Who are you?
My name is Barbora, I am 32 and currently live in Mondorf-les-Bains, a little thermal town in Luxembourg. I was born and raised in Komarno, a lovely town in the south of Slovakia. As a child of socialism in former Czechoslovakia, I have been fortunate to have parents that made my childhood wonderfully ‘Pippi Longstocking’ like – adventurous but disciplined, filled with books, outdoor activities, household chores, and exciting travels to the close and faraway towns and lands :).
Despite how good or less good our financial situation was, I greatly admired their ability to take us on a few trips every year, which considerably contributed to the hodophile I grew into. My wanderlust has fully surfaced during my teenage years and I owe it (and the books) invaluable life lessons on humility, gratefulness, and appreciation of being here and now. Reading about and observing how we humans from different corners of the world live, think, collaborate, love and mourn, (hopefully) taught me to be more open-minded, understanding, helpful, and patient in daily interactions with my fellow humans.
I have always been amazed by the great that can come out when people from different cultures exchange their ideas and openly collaborating. And as no university offered a paid degree in ‘travelling, yoga, reading books and becoming a better human’ ( I strongly hope this has changed since :)), I chose what seemed the second-best option at that time and went to study international business. I spent part of my studies in Tuscany, where apart from travelling, eating, and learning how to relax (a skill I so wish to get better at), I met my travel buddy and partner in crime and life, Alex. After Italy, we lived and worked in Slovakia for a couple of years, but soon felt the need to put on our travelling pants again and move out for a few years. And we landed in Luxembourg.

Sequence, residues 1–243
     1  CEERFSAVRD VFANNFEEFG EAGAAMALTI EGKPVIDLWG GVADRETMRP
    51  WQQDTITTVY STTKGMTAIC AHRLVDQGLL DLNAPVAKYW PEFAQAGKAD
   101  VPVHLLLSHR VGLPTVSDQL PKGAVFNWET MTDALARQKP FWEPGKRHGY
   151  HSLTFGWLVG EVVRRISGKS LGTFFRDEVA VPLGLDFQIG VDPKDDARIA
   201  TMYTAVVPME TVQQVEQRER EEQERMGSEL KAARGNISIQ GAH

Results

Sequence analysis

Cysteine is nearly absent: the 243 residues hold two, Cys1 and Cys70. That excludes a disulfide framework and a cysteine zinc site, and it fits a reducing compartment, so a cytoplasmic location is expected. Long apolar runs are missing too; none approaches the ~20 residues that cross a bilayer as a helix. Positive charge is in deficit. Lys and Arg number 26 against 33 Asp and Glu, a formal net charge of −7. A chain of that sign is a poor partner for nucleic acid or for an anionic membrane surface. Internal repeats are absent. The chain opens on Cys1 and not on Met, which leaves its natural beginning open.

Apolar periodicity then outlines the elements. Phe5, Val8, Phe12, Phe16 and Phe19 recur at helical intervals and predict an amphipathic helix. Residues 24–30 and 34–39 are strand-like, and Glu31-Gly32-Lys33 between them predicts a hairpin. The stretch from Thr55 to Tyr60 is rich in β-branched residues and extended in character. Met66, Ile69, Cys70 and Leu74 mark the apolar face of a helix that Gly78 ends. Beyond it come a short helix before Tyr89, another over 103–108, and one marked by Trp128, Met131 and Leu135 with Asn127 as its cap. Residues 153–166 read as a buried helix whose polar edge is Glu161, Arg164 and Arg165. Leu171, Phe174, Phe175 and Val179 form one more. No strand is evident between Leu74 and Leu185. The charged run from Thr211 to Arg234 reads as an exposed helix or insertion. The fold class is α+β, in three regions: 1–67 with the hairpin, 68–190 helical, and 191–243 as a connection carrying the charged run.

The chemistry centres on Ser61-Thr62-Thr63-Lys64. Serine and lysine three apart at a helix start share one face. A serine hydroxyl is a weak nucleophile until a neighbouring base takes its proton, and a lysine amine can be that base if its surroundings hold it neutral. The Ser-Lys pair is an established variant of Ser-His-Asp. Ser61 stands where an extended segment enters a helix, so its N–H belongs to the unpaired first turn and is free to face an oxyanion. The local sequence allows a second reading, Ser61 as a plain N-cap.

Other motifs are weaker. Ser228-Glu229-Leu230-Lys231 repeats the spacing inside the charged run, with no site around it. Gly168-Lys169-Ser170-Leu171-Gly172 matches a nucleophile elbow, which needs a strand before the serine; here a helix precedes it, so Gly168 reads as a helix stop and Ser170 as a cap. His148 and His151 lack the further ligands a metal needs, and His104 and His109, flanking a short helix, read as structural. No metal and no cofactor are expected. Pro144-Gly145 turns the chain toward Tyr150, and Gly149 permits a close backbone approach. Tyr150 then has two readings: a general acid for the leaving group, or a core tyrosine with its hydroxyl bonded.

How did you land at Tokeny Solutions?
I often joke that be it not for Daniel Coheur’s persistence and incredibly charming interpersonal skills (I am sure people who know Daniel will attest to this), I would have been long gone from Luxembourg – most probably some place sunnier 😉
While I was at my previous company, I was handling and wrapping up a service migration project for clients of a telecommunication operator when I received the email from Daniel. At that time, he was actually my client, representing the company for whom we’ve been doing the migration and was on the copy of most of the emails I was sending out. In his email, he complimented me on my working style, congratulated me on a job well done, and told me that together with a partner of his, Luc, Tokeny’s CEO, they are currently starting a new company and looking for someone to manage the clients and the implementation of the technical solutions and thinks I would be a great fit.
I was very flattered, but I thanked him and politely explained that I am not searching for a change at the moment. He wasn’t ready to let it go yet, wrote me a bit more about the company and also mentioned that his wife is also Slovak and that graduated from the same university. What are the odds? I came clean and told him that the job definitely sounds interesting but that I want to be 100% honest and admitted that I am planning to leave Luxembourg in less than a year and wouldn’t find it fair to start in a new position. He quickly responded that if that is my only worry, worried I shan’t be and if I would want, I can move out with my job if I want to. We all met for lunch, had a very good talk, exchanged ideas and expectations, and soon after I started at Tokeny as Account Success/Implementation Manager.